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Publication numberUS3808173 A
Publication typeGrant
Publication dateApr 30, 1974
Filing dateDec 20, 1971
Priority dateDec 23, 1970
Publication numberUS 3808173 A, US 3808173A, US-A-3808173, US3808173 A, US3808173A
InventorsS Orihashi
Original AssigneeNihon Hikaku Kk
Export CitationBiBTeX, EndNote, RefMan
External Links: USPTO, USPTO Assignment, Espacenet
Method for crosslinking a chlorine-containing polymer
US 3808173 A
Abstract  available in
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Claims  available in
Description  (OCR text may contain errors)

United States Patent US. Cl. 260-47 R 17 Claims ABSTRACT OF THE DISCLOSURE A method for crosslinking a chlorine-containing polymer by bringing in contact a chlorine-containing polymer having carbon-chlorine bonds with a salt of polyvalent inorganic or organic acid in the presence of a salt of hydrocarbyl saturated onium, or alternatively by bringing the polymer in contact with a hydrocarbyl saturated onium salt of polyvalent inorganic or organic acid.

This invention relates to a method for crosslinking a chlorine-containing polymer by bringing a chlorine-containing polymer having carbon-chlorine bonds in contact with a salt of polyvalent inorganic or organic acid in the presence of a salt of hydrocarbyl saturated onium and more particularly, this invention relates to a method for crosslinking a chlorine-containing polymer having carbon-chlorine bonds by bringing the polymer in contact with a metal salt of polyvalent inorganic weak acid or a metal salt of polyvalent organic acid in the presence of a hydrocarbyl saturated onium salt in a catalytic amount, or alternatively by causing a chlorine-containing polymer to contact a hydrocarbyl saturated onium salt of a polyvalent inorganic weak acid or of a polyvalent organic acid.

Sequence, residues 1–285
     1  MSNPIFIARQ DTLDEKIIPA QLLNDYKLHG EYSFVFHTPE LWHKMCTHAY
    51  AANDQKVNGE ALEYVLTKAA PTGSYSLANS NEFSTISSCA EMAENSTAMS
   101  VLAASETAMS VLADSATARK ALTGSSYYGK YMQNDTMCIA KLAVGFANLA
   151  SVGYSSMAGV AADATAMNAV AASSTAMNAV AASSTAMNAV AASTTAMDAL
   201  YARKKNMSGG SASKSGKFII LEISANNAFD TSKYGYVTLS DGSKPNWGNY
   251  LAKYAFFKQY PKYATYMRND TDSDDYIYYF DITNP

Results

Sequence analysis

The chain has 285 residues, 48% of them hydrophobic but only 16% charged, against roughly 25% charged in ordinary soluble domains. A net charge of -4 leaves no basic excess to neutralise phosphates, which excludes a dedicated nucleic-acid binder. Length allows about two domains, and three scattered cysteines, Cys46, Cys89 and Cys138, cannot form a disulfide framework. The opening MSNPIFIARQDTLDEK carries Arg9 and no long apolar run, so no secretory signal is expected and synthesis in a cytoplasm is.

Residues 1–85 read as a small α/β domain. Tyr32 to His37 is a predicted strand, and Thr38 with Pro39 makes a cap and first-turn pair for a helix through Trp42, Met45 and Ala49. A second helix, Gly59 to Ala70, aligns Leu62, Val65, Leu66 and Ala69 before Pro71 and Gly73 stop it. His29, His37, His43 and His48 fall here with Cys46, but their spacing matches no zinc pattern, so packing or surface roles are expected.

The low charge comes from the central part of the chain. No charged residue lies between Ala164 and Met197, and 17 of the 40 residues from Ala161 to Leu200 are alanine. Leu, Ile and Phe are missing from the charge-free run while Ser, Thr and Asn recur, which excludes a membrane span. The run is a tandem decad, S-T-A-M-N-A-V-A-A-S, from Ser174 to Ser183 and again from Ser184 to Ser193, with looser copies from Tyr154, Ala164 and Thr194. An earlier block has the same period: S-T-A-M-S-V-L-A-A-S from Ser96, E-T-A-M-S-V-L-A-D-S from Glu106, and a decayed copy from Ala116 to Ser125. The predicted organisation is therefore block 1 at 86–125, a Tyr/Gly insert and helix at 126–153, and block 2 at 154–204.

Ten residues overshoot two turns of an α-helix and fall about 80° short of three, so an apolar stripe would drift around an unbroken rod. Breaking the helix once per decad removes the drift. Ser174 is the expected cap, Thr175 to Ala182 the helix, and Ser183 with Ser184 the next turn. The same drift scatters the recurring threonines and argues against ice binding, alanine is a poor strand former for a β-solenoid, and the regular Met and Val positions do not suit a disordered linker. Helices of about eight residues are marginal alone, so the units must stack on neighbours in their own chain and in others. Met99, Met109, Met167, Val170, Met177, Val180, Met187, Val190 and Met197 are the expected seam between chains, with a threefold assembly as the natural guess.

The carbon-chlorine bonds in polymer and especially, the saturated carbon atom-chlorine atom bonds in polymer are chemically quite stable and therefore, no effective method for crosslinking linear polymers having carbon-chlorine bonds by the utilization of such bonds has been so far provided. Y

The present invention is based on the discovery tha although the carbon-chlorine bonds in a polymer normally may not react directly with any salt of polyvalent inorganic and organic acid, such bonds in the polymer can react with the salt of polyvalent acids in the presence of a certain hydrocarbyl saturated onium salt thereby to crosslink the molecules of the chlorine containing polymer.

Salts of polyvalent organic acids which can be employed in the present invention as crosslinking reagents include metal and organometal salts of aliphaticor aromaticpolyvalent compounds having two or more functional groups selected from the group comprising carboxyl, mercapto and phenolic hydroxyl radicals.

It has been experimentally found that differences in the structures of these compounds would not substantially aifect the crosslinking reaction speed and reaction rate in the crosslinking method of the present invention.